I've had the most recent EP from Swedish band Suburban Kids With Biblical Names in my posession for just under a week and a half now. I'm fairly certain that within that relatively short time span I've listened to the for songs contained on that EP more than I've listened to anything else all year. There is even a pretty good chance that I've listened to each one of these songs more times than probably half of the songs that were on my top twenty list from last year.
While I was driving to work the other day (listening to #4 for what was probably the 75th time) my mind began to wander, and it was to my horror that I could no longer remember any of the words to the song that Suburban Kids With Biblical Names took their band name from. The song is "People," and the band that wrote that song is Silver Jews, and when I discovered SKWBN I was probably most inclined to listen to them based on that title. I'm pretty certain that the obsession with American Water (the album that contains that song) that I was coincidentally so deep into at the time of the American release of the SKWBN record that put them on my radar was actually due to repeat listens to "People," and then letting the brilliance of the rest of the record inevitably unfold around me. Needless to say, I used to know every word of that song. When I tried to remember this past Friday I could not get any further than "Moments can be monuments to you." I've pieced together most of the song from memory (which was way more fun than reading the lyrics online), and once I have my computer back then I will likely be spending a few days with American Water, and absolutely nothing else on my headphones. In the meantime, it's given me a nice topic to explore for my next "Not Quite Punk" column on Web in Front.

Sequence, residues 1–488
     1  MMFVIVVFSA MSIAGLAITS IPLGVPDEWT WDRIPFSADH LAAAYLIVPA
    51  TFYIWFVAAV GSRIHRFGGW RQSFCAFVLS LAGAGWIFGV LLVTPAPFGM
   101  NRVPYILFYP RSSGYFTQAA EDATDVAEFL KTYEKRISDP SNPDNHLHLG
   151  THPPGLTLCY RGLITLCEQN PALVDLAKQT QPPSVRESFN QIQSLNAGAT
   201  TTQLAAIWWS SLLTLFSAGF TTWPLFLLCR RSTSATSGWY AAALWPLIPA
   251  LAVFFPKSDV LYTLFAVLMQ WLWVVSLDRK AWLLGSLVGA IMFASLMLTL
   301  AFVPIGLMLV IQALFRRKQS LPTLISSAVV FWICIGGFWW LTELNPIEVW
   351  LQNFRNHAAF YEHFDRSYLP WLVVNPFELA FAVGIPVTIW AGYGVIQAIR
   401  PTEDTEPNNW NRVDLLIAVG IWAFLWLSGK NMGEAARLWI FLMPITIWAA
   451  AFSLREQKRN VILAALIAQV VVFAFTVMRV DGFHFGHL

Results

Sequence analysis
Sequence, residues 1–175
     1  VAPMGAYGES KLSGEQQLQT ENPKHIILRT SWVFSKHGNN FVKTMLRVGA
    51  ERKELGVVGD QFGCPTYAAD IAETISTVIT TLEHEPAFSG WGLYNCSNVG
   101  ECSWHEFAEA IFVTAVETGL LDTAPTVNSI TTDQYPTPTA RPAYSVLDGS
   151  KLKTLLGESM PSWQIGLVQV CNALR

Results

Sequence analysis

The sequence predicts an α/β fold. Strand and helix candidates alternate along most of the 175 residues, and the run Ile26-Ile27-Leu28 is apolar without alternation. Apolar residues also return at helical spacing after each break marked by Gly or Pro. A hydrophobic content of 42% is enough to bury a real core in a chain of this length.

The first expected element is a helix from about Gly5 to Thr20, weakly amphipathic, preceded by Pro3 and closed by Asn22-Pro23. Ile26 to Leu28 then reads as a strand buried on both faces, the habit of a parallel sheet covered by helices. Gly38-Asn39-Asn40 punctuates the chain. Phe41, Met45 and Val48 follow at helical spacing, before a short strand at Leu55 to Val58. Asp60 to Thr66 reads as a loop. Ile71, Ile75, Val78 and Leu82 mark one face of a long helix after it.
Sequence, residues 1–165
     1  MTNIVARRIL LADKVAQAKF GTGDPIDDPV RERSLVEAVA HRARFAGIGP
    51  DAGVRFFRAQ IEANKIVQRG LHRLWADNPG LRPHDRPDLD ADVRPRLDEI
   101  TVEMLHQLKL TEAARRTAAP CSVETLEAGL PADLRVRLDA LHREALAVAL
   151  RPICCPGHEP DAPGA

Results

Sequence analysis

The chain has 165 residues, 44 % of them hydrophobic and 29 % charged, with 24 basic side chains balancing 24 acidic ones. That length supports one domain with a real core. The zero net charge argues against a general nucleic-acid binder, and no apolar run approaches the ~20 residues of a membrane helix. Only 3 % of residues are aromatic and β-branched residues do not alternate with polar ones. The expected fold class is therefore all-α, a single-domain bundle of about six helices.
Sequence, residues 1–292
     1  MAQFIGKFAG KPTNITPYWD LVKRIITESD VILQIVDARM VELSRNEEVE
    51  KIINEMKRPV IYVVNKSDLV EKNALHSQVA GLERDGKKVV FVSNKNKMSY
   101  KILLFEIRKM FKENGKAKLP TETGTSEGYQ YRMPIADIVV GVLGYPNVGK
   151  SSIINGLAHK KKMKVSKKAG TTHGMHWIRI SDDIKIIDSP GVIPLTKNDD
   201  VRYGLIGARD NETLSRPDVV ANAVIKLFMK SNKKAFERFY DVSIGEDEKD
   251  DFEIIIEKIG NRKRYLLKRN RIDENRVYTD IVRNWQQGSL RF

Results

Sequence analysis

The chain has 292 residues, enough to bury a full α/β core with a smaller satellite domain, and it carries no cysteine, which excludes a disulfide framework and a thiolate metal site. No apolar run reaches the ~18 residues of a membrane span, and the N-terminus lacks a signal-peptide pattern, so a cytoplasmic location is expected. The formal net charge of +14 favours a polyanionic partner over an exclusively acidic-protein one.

I'll also be typing many more glowing words of praise about Suburban Kids With Biblical Names when I finally publish my top ten highlights from New York and San Francisco Popfests. They were my number one highlight at both festivals. For now though, I really just wanted an excuse to share this video for one of the songs on the new EP, "Europa." I do greatly wish that there was a video for "1999" which in my mind is THE dance party single for the summer of 2009. Whether or not the rest of the world catches on sadly remains to be seen. "Europa" is quite interesting though. It's probably the most melodic, and reflective song on the EP, and it contains one of my favorite examples of word play to date: "You said that you wanted some more bass and drum machine in your mon-i-tor (No money, no tour...)" And it's lines like that make me realize that while sonically they are in quite a different part of the pop music spectrum than the space within that spectrum that's inhabitted by Silver Jews, David Berman's dry wit has likely had more of an influence on this band than merely their name.
It appears that you can (and should) purchase the #4 EP as an MP3 download here.
You'd also be smart to pick up a copy of the band's sole full length #3 if you don't already own that record. You can do that here